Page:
Threat to websites and publishers
As discussed in the previous part of this series, ad blocking can put a stop to such annoyances as auto-play videos, animated ads that start playing as soon as we load a webpage. These ads delay webpage loading, especially on mobile devices.
Though ad blocking software could improve Internet users’ experience, it poses a big threat to the bread and butter of websites and publishers that rely heavily on advertising revenue. Some of these companies include The Washington Post (GHC), The New York Times (NYT), and Google (GOOG).
In the last couple of years, website advertising has become quite aggressive. With the intent of targeting specific customers, site owners end up delivering irrelevant ads that occupy a lot of space.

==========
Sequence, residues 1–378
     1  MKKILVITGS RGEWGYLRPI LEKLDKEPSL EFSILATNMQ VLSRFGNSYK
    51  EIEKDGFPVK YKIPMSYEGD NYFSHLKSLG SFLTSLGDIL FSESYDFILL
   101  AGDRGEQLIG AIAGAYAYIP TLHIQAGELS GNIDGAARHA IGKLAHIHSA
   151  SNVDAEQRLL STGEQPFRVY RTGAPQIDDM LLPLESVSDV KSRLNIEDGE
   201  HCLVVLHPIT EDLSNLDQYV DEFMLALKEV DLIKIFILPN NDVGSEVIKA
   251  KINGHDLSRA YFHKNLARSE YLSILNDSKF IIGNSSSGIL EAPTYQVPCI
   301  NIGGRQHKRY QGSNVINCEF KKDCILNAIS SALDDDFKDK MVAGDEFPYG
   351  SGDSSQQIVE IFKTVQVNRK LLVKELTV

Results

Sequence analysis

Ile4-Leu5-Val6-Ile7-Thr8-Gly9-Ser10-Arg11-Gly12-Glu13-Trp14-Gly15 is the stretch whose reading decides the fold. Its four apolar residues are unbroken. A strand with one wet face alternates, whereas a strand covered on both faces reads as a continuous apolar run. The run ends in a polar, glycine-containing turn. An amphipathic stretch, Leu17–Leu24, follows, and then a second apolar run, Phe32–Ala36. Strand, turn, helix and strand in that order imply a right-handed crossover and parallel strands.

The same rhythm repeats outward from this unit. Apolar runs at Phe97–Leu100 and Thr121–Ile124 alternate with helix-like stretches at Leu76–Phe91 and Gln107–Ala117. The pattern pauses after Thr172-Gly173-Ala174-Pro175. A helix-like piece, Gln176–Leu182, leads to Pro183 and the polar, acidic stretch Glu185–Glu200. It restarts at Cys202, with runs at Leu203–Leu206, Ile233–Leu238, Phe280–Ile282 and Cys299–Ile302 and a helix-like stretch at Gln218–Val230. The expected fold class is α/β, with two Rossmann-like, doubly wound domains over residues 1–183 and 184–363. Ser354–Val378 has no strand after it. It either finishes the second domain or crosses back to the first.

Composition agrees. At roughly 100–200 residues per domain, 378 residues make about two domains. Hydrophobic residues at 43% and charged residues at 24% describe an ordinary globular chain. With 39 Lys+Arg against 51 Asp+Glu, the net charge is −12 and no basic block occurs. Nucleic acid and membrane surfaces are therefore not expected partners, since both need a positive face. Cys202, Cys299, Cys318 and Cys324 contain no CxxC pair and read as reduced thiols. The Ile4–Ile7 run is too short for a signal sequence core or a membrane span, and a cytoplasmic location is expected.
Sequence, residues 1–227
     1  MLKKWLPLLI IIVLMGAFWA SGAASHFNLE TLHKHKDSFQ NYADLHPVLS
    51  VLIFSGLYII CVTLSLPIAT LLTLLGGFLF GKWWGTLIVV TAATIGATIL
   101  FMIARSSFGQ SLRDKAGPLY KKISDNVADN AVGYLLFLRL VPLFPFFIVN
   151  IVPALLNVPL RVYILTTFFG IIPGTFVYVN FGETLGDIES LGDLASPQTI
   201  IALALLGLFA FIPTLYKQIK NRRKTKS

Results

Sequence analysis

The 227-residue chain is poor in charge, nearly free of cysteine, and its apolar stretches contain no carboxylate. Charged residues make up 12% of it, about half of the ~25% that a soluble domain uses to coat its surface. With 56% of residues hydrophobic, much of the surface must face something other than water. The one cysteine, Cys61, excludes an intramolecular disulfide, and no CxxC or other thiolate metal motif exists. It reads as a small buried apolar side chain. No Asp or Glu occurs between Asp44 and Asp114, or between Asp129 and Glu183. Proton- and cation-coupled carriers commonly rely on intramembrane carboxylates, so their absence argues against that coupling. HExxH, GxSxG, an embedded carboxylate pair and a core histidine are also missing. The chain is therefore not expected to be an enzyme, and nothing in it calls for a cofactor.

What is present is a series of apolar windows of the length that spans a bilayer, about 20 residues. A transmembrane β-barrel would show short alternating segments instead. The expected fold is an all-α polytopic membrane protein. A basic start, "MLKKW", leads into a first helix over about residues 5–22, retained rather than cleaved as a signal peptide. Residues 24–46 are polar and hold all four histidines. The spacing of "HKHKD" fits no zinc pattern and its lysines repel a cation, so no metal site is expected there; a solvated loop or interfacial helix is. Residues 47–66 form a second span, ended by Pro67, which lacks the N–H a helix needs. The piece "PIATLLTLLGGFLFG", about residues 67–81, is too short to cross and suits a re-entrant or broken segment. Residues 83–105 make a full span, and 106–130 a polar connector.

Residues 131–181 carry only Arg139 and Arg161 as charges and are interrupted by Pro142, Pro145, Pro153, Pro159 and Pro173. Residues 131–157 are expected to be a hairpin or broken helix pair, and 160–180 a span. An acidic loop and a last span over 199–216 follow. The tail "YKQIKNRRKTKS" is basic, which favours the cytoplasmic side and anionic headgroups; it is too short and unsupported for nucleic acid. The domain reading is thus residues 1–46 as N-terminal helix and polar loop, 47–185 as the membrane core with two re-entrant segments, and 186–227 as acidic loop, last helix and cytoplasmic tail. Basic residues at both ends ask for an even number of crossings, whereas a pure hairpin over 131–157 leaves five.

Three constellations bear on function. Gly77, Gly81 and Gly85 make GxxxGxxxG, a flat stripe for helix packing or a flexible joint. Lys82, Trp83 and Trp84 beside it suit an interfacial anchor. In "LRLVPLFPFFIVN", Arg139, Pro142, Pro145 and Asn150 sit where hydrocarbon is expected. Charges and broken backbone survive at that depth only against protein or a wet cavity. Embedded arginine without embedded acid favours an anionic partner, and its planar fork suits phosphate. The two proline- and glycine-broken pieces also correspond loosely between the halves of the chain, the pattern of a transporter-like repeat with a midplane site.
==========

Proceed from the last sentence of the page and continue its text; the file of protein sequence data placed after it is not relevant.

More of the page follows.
With the advent of ad blocking, some websites are taking measures to curb down on these annoyances so that users don’t resort to ad blockers. These websites are focusing on getting paid for delivering news and entertainment.
As you can see in the graph above, and according to a report from PageFair, a company against ad blocking, it’s estimated that ad blocking tools will block around $22 billion ad revenue in 2015, and around $41 billion in 2016.
Ad blockers on Apple’s mobile phones
Earlier, ad blockers were available only on desktop computers. However, Apple’s (AAPL) new mobile operating system, iOS 9, has the ability to block ads on Apple’s Safari browser.
Currently, blocking tools can only block ads within the Safari browser, not Twitter, Facebook, or Apple’s own News app.
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